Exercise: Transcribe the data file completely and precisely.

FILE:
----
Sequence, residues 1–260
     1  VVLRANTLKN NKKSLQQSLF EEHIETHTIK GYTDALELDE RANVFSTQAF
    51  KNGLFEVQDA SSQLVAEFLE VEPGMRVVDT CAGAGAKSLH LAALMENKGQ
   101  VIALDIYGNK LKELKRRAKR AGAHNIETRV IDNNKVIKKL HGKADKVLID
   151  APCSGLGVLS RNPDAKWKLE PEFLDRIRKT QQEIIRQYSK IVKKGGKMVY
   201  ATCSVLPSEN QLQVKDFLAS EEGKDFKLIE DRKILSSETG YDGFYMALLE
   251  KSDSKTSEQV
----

Sequence, residues 1–260
     1  VVLRANTLKN NKKSLQQSLF EEHIETHTIK GYTDALELDE RANVFSTQAF
    51  KNGLFEVQDA SSQLVAEFLE VEPGMRVVDT CAGAGAKSLH LAALMENKGQ
   101  VIALDIYGNK LKELKRRAKR AGAHNIETRV IDNNKVIKKL HGKADKVLID
   151  APCSGLGVLS RNPDAKWKLE PEFLDRIRKT QQEIIRQYSK IVKKGGKMVY
   201  ATCSVLPSEN QLQVKDFLAS EEGKDFKLIE DRKILSSETG YDGFYMALLE
   251  KSDSKTSEQV